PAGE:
Stars Wars fans, rejoice! Inspired by holographic Princess Leia’s iconic plea for help, BYU engineers have brought sci-fi images to life —including light-saber battles and, for the Trekkies, laser fire between the starship Enterprise and a Klingon battle cruiser.

While movie holograms are created by computers in postproduction, these displays, developed by electrical-engineering professor Daniel E. Smalley and the BYU holography research group, exist in the real world. Unlike 2D holograms, Smalley’s images—called volumetric displays—are physical, 3D images created by trapping a small particle with lasers and moving it back and forth quickly to create glowing lines that float in the air.

Professor Dan Smalley stands in his lab in between two of his student researchers, Erich J. Nygaard on the left and Wesley R. Rogers on the right.
Professor Dan Smalley, center, and students Erich J. Nygaard (BS ’18, MS ’21), left, and Wesley R. Rogers (BS ’18, MS ’20), right, developed the Princess Leia project as part of BYU’s holography research team. Photo by Nate Edwards.

Most volumetric displays are limited to the size of the small display case, so Smalley and his team use motion parallax—changing the images as the viewer moves around the scene—to give the illusion that the images exist outside the display.

“The future won’t be the future without a Princess Leia projector,” says Smalley, “and [this volumetric display] can make that a reality.”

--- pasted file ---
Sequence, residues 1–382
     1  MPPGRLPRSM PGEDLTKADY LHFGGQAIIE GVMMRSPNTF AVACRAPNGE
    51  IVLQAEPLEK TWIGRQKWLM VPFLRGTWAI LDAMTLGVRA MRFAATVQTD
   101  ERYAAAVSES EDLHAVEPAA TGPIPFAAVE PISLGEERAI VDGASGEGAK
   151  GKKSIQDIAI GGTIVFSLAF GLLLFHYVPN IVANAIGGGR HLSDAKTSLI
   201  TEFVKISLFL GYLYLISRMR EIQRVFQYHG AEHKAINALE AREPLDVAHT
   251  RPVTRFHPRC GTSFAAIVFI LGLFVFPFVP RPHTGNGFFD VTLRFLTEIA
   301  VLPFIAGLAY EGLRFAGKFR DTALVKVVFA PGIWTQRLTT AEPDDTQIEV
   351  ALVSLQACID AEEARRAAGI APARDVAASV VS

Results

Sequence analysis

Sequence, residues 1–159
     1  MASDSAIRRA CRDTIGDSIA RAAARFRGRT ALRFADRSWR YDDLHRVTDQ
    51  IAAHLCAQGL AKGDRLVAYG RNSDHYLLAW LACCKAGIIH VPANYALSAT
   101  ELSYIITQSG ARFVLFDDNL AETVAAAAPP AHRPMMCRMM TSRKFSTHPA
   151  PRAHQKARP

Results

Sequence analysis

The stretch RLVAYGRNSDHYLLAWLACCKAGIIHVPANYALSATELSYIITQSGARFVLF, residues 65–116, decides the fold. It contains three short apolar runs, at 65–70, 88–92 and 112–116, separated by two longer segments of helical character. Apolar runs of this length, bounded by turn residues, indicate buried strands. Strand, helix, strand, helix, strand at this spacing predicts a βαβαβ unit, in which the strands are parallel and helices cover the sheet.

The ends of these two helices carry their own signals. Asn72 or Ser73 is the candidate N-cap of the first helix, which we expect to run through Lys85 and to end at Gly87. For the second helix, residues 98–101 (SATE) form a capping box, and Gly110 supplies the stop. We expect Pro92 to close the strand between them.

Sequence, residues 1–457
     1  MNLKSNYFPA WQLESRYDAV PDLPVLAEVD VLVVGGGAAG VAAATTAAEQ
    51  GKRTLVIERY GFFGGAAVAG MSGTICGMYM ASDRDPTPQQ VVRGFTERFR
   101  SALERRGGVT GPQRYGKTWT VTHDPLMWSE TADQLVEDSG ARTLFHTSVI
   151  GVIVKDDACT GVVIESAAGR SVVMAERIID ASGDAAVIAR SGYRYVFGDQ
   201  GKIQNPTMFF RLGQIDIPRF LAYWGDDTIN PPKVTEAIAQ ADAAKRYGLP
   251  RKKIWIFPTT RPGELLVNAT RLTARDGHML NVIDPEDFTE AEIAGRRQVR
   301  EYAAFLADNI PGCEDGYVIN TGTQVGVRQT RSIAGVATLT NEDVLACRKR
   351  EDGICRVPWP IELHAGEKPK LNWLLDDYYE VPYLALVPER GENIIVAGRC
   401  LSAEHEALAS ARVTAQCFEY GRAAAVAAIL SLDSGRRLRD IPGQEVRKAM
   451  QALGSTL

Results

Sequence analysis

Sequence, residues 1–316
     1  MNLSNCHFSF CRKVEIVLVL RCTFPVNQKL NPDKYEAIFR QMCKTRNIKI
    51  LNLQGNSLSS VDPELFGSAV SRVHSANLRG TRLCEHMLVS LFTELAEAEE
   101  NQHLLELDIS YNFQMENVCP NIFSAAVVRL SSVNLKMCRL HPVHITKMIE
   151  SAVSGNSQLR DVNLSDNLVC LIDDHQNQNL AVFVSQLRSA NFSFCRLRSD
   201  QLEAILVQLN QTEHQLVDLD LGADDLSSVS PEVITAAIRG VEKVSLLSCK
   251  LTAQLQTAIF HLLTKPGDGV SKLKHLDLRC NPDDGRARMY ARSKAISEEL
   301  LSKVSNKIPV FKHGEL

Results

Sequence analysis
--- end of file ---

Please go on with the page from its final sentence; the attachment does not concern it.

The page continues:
More From This Issue


Meet Mr. Curiosity

With the mind of an engineer and the humor of a 12-year-old, an alum is making the internet better, one prank at a time.


Good Enough

What does it mean for something—or someone—to be good? And who gets to decide? A BYU creative writer explores goodness.


There Must Needs Be a Christ

What would the world be like without Christ? This devotional address explores why there “must needs be a Christ.”

Browse the complete Summer 2021 Issue »

More Articles

At the Y

Better Than a Hologram

Inspired by Star Wars, engineering professor Daniel Smalley is making “holograms” a reality.

The Y Report

Good Night, Night Mode

Does night mode really help you sleep better? BYU psychology researchers put it to the test.

The Y Report

Facing the Past

A recent biology grad is sculpting faces atop ancient hominid skull replicas for an exhibit at BYU.

Share this article:

To use more share options on your device, please scan the same QR code and open the link in the latest version of Chrome or Safari